together.” Nestor v. Pratt & Whitney, 466 F.3d 65, 70 (2d Cir. 2006). “Under the federal rules of
res judicata, a subsequent lawsuit will be barred where a party can show: (1) an adjudication on
the merits in the previous action; (2) that the previous lawsuit involved the same parties, or those
in privity with them; and (3) that the claims asserted in the subsequent suit were raised, or could
have been raised, in the prior proceeding.” Kamdem-Ouaffo v. Pepsico, Inc., 160 F. Supp. 3d
553, 562 (S.D.N.Y. 2016), aff’d, 657 F. App’x 949 (Fed. Cir. 2016); see also Monahan v. N.Y.C.
Dep't of Corr., 214 F.3d 275, 285 (2d Cir. 2000) (same). Thus, “a final judgment on the merits of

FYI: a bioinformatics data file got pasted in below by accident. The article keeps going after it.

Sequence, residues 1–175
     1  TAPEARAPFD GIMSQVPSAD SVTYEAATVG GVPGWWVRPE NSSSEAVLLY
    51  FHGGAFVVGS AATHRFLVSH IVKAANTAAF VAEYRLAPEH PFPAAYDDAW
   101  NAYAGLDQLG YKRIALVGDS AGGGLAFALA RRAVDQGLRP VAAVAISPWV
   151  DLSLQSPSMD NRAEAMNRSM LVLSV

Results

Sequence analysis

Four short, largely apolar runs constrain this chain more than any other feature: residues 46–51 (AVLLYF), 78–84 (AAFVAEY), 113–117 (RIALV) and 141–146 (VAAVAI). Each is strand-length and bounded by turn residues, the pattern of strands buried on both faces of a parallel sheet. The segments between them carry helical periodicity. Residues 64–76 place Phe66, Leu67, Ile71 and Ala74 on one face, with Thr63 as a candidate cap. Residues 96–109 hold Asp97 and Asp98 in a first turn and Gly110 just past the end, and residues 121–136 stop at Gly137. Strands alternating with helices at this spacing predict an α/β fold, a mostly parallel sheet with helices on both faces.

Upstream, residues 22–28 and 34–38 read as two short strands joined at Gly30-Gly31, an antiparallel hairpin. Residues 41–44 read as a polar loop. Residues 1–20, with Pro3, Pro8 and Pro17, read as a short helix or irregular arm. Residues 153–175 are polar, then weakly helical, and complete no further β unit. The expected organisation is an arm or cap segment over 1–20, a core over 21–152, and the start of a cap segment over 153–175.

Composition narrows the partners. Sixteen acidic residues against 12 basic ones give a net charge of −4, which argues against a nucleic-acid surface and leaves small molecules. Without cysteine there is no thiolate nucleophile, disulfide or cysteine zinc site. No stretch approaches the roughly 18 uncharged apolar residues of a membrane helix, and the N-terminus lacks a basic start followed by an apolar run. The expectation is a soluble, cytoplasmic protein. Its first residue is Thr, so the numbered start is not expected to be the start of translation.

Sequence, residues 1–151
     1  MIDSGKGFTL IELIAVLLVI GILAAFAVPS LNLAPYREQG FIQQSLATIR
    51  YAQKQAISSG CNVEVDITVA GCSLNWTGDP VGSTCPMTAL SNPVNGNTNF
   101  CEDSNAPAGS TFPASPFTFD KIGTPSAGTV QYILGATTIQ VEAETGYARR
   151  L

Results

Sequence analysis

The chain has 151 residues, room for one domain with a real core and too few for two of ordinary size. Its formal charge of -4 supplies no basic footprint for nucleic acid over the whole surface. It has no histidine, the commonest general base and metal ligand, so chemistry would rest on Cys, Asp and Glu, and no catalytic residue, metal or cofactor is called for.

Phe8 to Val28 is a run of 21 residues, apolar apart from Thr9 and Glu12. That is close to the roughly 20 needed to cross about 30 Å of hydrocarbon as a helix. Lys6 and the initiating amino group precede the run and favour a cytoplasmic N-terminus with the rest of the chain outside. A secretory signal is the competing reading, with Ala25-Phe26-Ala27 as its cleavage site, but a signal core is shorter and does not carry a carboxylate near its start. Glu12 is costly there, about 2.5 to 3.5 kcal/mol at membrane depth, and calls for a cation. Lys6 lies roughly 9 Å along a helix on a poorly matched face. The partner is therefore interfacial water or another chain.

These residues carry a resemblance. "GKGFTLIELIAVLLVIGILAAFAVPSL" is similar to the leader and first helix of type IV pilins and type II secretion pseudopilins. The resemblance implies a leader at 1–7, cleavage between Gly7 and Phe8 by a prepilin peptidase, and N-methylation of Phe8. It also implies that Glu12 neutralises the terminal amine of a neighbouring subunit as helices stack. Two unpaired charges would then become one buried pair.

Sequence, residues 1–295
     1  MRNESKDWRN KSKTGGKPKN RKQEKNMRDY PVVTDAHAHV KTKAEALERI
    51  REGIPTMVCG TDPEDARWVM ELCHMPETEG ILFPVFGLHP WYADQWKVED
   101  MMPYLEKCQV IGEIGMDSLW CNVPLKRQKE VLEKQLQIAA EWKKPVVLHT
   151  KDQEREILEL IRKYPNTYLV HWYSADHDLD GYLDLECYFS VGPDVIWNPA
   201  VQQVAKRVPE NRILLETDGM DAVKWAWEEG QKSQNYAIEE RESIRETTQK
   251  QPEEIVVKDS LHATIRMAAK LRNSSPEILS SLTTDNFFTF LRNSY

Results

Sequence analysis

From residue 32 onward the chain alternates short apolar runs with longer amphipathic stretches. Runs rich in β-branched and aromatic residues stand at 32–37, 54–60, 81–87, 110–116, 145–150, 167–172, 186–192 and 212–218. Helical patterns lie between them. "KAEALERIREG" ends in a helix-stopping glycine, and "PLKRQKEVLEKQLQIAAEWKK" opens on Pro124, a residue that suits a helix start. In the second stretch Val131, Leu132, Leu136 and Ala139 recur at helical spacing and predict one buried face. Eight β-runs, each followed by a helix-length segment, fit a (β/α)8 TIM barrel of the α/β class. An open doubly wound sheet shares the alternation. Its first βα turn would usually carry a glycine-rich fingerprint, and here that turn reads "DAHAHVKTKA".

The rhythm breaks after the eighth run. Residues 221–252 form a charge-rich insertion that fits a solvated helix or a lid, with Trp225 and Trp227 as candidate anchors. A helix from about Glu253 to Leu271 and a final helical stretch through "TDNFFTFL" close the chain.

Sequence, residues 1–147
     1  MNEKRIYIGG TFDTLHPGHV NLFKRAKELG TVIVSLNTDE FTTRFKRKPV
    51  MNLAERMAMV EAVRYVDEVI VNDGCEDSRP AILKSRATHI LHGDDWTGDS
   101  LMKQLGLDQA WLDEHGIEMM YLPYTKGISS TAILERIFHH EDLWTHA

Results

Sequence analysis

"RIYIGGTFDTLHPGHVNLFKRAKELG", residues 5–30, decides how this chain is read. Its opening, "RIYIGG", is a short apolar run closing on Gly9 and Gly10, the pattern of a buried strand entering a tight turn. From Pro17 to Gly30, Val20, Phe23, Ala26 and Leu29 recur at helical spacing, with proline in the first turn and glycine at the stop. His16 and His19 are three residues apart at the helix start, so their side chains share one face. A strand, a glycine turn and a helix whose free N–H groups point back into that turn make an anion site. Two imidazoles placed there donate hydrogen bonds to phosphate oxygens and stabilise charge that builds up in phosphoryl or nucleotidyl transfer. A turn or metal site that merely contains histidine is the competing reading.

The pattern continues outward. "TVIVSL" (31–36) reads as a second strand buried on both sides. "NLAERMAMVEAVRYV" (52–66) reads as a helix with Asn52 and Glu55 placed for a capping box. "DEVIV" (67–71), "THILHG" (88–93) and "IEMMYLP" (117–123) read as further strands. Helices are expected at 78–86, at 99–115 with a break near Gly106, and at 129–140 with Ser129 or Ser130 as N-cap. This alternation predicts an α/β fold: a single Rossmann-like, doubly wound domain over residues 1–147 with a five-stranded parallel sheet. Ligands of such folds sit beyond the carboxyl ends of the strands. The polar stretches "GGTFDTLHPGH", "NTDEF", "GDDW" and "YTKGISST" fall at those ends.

an action precludes the parties or their privies from relitigating issues that were or could have
been raised in that action.” TechnoMarine SA v. Giftports, Inc., 758 F.3d 493, 499 (2d Cir. 2014).
“The rationale underlying this principle is that a party who has been given a full and fair
opportunity to litigate a claim should not be allowed to do so again.” Kamdem-Ouaffo, 160 F.
Supp. 3d at 562 (internal quotation marks omitted). Therefore, res judicata may have the effect
of “foreclosing litigation of a matter that never has been litigated, because of a determination that
it should have been advanced in an earlier suit.” Nestor, 466 F.3d at 70 (quoting Migra v. Warren
City Sch. Dist. Bd. of Education, 465 U.S. 75, 77, n. 1 (1984)).
The prior proceeding satisfies the first element of the res judicata inquiry, as the Court’s
dismissal, with prejudice, of Plaintiffs’ Complaint and Motion To Confirm the Arbitration Award
in Trustees I constituted a final determination on the merits. See Trustees I, 975 F. Supp. 2d at
376–77. In addition, the instant Action involves the exact same Plaintiffs and Defendant present